Deadly heat waves. An epic drought. More than a million acres in the West gone up in smoke before the end of June. And the earliest-fifth-named Atlantic tropical storm on record.
- Welcome to the summer of 2021, when scientists' steady drumbeat of climate change warnings have reached an all-too-real crescendo.
Why it matters: The calamities playing out across the country may have repercussions in Washington as lawmakers debate potentially huge investments for the country's aging infrastructure.
- Depending on its provisions, the eventual legislation could make or break America's ability to sharply cut greenhouse gas emissions in the near term, thereby affecting how disastrous future extreme weather events become.
The big picture: The deadly heat waves, which are ongoing in portions of the Northwest and Canada, constitute a public health crisis. This is partly because they're hitting a region where air conditioning is uncommon.
- The heat waves — along with overly thirsty California crops, and electric rail systems that cease operations at high temperatures, and highways that have buckled in the heat — demonstrate the limitations of our current infrastructure.
- Everything from our roads and bridges to our buildings, mass transit and water treatment facilities were built for a climate that no longer exists.
By the numbers: Some of the temperature records set during the past week have shaken even climate scientists, despite the projections of exactly these outcomes in study after study.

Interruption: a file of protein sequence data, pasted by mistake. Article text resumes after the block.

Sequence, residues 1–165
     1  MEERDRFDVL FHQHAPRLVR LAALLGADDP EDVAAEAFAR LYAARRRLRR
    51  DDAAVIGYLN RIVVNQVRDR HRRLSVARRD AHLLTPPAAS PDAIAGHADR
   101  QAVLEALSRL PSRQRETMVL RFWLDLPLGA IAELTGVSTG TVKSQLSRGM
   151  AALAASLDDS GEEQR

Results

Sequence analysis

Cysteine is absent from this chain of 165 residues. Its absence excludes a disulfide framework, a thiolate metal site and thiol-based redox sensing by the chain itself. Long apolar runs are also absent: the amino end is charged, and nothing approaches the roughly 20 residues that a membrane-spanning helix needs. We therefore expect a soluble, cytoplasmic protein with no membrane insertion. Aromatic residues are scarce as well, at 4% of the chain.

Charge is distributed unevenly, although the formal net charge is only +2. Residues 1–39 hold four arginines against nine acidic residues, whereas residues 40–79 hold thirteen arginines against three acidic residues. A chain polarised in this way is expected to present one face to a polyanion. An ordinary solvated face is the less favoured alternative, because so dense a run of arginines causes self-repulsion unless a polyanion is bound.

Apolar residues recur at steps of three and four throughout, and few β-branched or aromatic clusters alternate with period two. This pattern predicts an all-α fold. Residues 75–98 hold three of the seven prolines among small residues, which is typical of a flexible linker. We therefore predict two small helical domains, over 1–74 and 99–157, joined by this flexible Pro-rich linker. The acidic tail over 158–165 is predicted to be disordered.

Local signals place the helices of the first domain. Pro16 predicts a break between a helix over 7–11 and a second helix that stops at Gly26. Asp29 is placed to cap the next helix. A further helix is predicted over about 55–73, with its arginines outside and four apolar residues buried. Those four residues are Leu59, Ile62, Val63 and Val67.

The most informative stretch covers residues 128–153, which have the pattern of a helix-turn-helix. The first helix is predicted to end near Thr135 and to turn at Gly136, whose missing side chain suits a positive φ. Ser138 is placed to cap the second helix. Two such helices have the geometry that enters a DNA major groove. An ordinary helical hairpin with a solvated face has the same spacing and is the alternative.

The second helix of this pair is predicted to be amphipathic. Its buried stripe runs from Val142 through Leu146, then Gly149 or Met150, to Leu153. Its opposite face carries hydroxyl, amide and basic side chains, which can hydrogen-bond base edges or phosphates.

- In the past 10 days, record-shattering temperatures have killed dozens in Oregon and Washington, as the thermometer hit 116°F in Portland, Ore., and 108°F in Seattle, both all-time highs for those locations.
- The heat has killed nearly 500 in British Columbia.
- And Lytton, a small about 95 miles town northeast of Vancouver, was wiped out when a fast-moving wildfire swept through on Wednesday evening. The fire followed an unnerving national all-time high temperature record set there just the day before: 121°F.
Across British Columbia, the heat wave led to an eruption of wildfires on Wednesday into Thursday, many of them resembling explosions on satellite imagery and from the ground.
- The blazes were so intense that they manufactured their own weather, generating about 710,000 lightning strikes, some of which started new fires.
- Prior to the destructive blaze, Lytton shattered Canada's national high temperature record three days in a row.
- “It’s warmer in parts of western Canada than in Dubai. I mean, it’s just not something that seems Canadian,” Environment Canada senior climatologist David Phillips told CTV News on Saturday.
State of play: Top White House climate adviser Gina McCarthy said at a Punchbowl News event Wednesday that the Biden administration views the Pacific Northwest heat wave, as well as the drought and other extremes, as newly urgent reasons to take action on climate.
- “These are things that remind us that time is running out here. We have to get moving,” McCarthy said.
Between the lines: Studies show clear links between upticks in wildfire intensity and acreage burned in the West and human-caused climate change.
- Similarly, research has pointed again and again to how the warming climate dramatically increases the odds, severity, extent, and longevity of extreme heat events.
Of note: The heat hasn't been exclusive to the West and Canada. Boston saw its second-hottest June day on record Wednesday.
- Residents of New York City received emergency alerts on their phones, urging them to cut power use or risk citywide outages due to surging demand for cooling.
The bottom line: With new forecasts calling for continued warmer and drier than average conditions in the West amid the worst drought of the century, and a hurricane season that is already in hyperdrive, don't bet on much of a reprieve.